Ghana Adopts National Action Plan to Combat Human Trafficking

Ghana adopts national plan to combat human trafficking, raises awareness among law enforcement, refugees to prevent exploitation and protect vulnerable populations.

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Ghana Adopts National Action Plan to Combat Human Trafficking

Ghana Adopts National Action Plan to Combat Human Trafficking

Abena Annobea Asare, the Head of the Human Trafficking Secretariat at Ghana's Ministry of Gender, Children, and Social Protection (MoGCSP), announced that the government has adopted a national plan of action against human trafficking. The plan outlines strategic priorities and actions to help Ghana prevent human trafficking activities over the next five years.

Asare made the announcement during a 3-day sensitization program organized by the MoGCSP in collaboration with Expertise France and the Ghana Refugee Board. The purpose of the program was to raise awareness among law enforcement agencies, Ghana Refugee Board staff, and refugees about the risks of human trafficking and irregular migration, and the need to report such cases.

Why this matters: Human trafficking is a serious global issue that affects millions of people, particularly vulnerable populations such as refugees. Ghana's adoption of a national action plan demonstrates the government's commitment to combating this problem and protecting its citizens and residents from exploitation.

Alessandra Bianco, the Protection Expert for Expertise France, emphasized the need for stakeholders to work collaboratively to create a safer and more resilient environment for refugees and combat the surge of human trafficking and irregular migration. Tetteh Padi, the Head of the Ghana Refugee Board, expressed the vulnerability of refugees and thanked the organizers for the workshop, which would educate refugees and asylum seekers on social vices, make them comfortable, and ensure that their rights are upheld.

In a separate statement during a two-day training program in Accra for stakeholders on Trafficking in Persons (TIP) reporting, Asare called on stakeholders to raise awareness on human trafficking to help identify victims, prevent trafficking in persons, punish offenders, and support victims. The training aimed to ensure consistency and compliance with reporting standards and guidelines, as well as to familiarize stakeholders with the structure and format of the TIP reporting template to improve data collection.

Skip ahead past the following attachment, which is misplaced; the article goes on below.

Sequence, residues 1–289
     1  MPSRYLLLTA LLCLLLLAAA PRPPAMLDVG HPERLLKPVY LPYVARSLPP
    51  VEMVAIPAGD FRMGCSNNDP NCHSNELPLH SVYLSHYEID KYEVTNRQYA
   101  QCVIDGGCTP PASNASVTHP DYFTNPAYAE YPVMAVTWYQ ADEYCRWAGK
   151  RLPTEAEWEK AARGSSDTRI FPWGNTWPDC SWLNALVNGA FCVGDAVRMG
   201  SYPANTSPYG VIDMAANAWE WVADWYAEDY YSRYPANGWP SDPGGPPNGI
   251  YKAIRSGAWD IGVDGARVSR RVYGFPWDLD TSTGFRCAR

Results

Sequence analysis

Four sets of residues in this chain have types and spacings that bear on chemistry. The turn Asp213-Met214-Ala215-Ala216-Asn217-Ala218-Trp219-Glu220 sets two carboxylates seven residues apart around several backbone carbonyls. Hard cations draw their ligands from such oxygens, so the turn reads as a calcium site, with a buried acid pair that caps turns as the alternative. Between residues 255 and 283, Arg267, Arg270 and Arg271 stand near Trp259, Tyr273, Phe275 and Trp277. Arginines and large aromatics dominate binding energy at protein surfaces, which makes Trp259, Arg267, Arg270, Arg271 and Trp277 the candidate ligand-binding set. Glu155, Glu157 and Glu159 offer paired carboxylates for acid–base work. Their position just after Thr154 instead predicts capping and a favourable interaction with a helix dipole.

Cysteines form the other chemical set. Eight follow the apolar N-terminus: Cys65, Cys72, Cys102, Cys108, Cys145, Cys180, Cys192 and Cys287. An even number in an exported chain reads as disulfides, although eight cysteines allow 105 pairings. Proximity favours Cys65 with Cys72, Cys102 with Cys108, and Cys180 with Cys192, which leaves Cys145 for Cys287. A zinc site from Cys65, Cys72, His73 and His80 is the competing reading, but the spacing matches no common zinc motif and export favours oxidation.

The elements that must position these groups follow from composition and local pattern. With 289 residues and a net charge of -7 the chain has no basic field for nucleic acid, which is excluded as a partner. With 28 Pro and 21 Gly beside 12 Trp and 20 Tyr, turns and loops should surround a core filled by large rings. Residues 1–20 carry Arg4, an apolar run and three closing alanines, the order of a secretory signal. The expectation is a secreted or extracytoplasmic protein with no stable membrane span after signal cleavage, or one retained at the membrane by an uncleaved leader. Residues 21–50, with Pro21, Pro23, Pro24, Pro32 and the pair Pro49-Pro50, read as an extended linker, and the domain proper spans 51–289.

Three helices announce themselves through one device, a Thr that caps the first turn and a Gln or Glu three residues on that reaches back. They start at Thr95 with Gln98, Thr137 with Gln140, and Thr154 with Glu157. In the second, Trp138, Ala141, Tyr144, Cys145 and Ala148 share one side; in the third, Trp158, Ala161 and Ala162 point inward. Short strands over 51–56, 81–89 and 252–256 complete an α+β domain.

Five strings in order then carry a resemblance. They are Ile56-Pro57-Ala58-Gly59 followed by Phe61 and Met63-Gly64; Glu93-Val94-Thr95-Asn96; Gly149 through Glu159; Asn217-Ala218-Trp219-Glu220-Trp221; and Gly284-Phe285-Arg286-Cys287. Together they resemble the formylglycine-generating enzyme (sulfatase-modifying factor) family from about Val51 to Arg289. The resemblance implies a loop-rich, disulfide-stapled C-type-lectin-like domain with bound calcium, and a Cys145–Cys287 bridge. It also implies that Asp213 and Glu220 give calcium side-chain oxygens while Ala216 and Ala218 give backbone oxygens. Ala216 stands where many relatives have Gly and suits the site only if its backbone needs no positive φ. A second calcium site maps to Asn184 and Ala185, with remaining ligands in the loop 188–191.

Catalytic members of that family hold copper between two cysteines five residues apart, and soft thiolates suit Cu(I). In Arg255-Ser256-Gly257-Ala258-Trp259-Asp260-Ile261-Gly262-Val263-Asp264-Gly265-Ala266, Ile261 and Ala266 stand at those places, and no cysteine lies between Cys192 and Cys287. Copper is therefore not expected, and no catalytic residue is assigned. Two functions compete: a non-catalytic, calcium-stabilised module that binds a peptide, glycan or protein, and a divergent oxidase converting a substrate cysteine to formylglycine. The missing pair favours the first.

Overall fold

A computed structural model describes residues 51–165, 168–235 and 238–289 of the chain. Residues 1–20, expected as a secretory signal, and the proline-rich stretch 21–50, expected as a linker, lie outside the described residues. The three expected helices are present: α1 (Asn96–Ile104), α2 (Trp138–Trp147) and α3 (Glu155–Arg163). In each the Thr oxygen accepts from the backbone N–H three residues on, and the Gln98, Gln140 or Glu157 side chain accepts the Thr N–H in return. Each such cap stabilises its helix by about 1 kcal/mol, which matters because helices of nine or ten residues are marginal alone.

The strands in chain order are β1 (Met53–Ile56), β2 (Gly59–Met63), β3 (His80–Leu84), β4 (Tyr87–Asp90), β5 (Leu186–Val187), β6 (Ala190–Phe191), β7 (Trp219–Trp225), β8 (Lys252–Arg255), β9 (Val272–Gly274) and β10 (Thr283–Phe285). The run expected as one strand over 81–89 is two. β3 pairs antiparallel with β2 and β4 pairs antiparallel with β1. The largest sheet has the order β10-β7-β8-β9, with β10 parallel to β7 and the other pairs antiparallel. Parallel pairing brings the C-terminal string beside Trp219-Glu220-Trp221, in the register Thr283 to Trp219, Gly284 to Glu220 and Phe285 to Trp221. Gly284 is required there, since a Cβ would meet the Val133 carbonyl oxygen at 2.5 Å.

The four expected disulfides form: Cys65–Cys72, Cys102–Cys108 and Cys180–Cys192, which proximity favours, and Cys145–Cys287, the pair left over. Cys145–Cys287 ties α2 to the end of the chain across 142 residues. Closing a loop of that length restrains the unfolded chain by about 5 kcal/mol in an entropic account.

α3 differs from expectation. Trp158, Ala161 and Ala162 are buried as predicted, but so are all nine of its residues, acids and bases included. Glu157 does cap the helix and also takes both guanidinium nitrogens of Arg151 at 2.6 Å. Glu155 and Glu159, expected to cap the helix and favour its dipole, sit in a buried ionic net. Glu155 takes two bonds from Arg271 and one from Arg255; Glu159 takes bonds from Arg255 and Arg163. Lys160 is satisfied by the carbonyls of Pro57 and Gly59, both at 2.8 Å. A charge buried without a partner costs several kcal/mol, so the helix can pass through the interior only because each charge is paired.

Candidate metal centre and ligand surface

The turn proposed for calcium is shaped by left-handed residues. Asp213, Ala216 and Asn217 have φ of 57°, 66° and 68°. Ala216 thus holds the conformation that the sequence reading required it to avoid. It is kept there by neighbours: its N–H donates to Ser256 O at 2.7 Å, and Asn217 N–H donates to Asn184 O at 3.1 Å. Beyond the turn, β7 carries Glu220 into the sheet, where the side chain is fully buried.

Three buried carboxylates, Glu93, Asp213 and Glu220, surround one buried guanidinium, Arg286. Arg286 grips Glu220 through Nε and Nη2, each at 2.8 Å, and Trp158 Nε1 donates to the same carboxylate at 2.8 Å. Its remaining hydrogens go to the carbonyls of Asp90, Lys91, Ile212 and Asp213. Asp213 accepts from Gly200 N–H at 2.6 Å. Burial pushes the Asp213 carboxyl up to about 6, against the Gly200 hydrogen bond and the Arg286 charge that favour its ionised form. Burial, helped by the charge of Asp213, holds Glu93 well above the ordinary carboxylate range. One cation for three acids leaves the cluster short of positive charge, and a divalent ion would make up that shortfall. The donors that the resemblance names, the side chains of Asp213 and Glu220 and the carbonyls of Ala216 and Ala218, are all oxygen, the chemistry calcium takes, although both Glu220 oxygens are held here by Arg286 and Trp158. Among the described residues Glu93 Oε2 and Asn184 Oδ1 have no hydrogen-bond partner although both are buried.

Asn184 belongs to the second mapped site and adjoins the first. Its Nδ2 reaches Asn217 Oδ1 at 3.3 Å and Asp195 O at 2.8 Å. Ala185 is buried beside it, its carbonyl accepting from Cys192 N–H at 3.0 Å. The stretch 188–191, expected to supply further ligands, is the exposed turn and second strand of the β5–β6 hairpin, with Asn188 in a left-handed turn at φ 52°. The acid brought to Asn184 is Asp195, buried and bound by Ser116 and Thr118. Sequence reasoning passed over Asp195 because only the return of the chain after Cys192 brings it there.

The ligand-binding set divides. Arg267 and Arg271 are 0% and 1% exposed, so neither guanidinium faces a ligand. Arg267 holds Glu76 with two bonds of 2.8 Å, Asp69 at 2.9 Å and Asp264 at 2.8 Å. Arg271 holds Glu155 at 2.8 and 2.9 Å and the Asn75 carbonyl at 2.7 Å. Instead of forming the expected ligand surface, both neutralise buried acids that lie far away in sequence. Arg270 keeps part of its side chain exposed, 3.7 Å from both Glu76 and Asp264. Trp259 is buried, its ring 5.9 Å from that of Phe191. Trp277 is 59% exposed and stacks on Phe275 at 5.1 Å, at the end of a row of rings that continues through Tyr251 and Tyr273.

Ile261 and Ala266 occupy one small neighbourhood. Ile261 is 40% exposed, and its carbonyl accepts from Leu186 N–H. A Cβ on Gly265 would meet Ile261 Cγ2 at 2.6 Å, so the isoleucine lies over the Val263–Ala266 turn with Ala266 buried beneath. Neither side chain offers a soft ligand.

Anita Badu, the Director for International Justice Mission West Africa (IJM), urged stakeholders to collaborate and redouble their efforts to end human trafficking. She called on civil society organizations to work with the Government of Ghana to ensure the implementation of the new National Action Plan to eliminate Human Trafficking in the country. "Asare emphasized the need for the training due to low levels of knowledge and inadequacy of response systems in communities for reporting human trafficking cases and protecting children," Badu noted.

The adoption of the national action plan against human trafficking and the sensitization programs conducted by the MoGCSP, Expertise France, and the Ghana Refugee Board demonstrate Ghana's proactive approach to addressing this critical issue. By raising awareness, improving reporting mechanisms, and fostering collaboration among stakeholders, Ghana aims to prevent human trafficking, protect victims, and bring perpetrators to justice.

Key Takeaways

  • Ghana adopts a 5-year national action plan to combat human trafficking.
  • Awareness programs educate law enforcement, refugees on trafficking risks.
  • Stakeholders urged to collaborate and implement the new action plan.
  • Training aims to improve TIP reporting and data collection standards.
  • Ghana's proactive approach aims to prevent trafficking, protect victims.